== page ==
Alistair Bunkall, Defence Correspondent — Sky News Feb 19, 2018
Britain should commit more troops to help stabilise Afghanistan and be prepared to remain in the country for many more years, a former Head of the British Armed Forces has said.
Speaking to Sky News, Lord Richards of Herstmonceux said the UK should support the recent American surge ordered by US President Donald Trump to deal with a resurgent Taliban.
“I think we should be much more involved in the support role,” Lord Richards said.
“The sort of things that the Americans are asking of us, we should be prepared to step up to the mark on.
“I think it’s time to just remember that the Afghan people have fought a war on our behalf, to prevent terrorism from striking us, with us, and we owe them something in return and not give up just because it’s not going very well.”
Lord Richards, who was also the senior NATO commander in Afghanistan between 2006 and 2008, said the UK could offer air and logistical support to its American partners.
The US and Britain first invaded Afghanistan in late 2001 in response to the 9/11 attacks.
The initial mission to get rid of the Taliban and to stop Afghanistan harbouring al Qaeda and its leader Osama bin Laden was swift and it was successful.
Seventeen years later around 600 British troops remain in the country, most in a training role.
“That initial campaign was stunning in its simplicity and its success,” said General Richards.
“In under two months, the Taliban were gone. If you’re looking for models for future generations of soldiers to look at, I think that’s got to be one of them.”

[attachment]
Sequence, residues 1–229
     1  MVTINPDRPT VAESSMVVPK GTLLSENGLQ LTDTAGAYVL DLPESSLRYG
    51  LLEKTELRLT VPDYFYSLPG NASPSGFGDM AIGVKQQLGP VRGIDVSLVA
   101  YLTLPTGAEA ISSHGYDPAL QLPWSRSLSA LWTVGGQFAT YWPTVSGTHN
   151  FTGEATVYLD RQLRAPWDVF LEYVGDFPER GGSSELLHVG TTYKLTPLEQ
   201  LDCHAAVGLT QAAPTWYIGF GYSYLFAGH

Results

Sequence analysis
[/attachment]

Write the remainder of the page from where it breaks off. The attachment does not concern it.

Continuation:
His comments are supported by Anders Fogh Rasmussen, the NATO Secretary General between 2009 and 2014 who also believes the alliance must be ready to help Afghanistan for the foreseeable future.
“I think it is a worrying situation. And I fully support the NATO efforts to strengthen the training mission with a view to increasing the capability of the Afghan security forces to take care of their own security.
“What we need now is to maintain a sizeable force, NATO force, to help the Afghans when it comes to security.”
Britain’s combat role officially came to an end in October 2014 when the Union flag was lowered over Camp Bastion.
British Special Forces are still very active in the country but the majority of Britain’s public contribution is in the running of the officer training academy in Kabul.
The US military presence is nothing like as large as it was, but significantly, it is growing again.
Last year President Trump sent another 3,000 US troops to Afghanistan and a further 1,000 are expected to join them this year.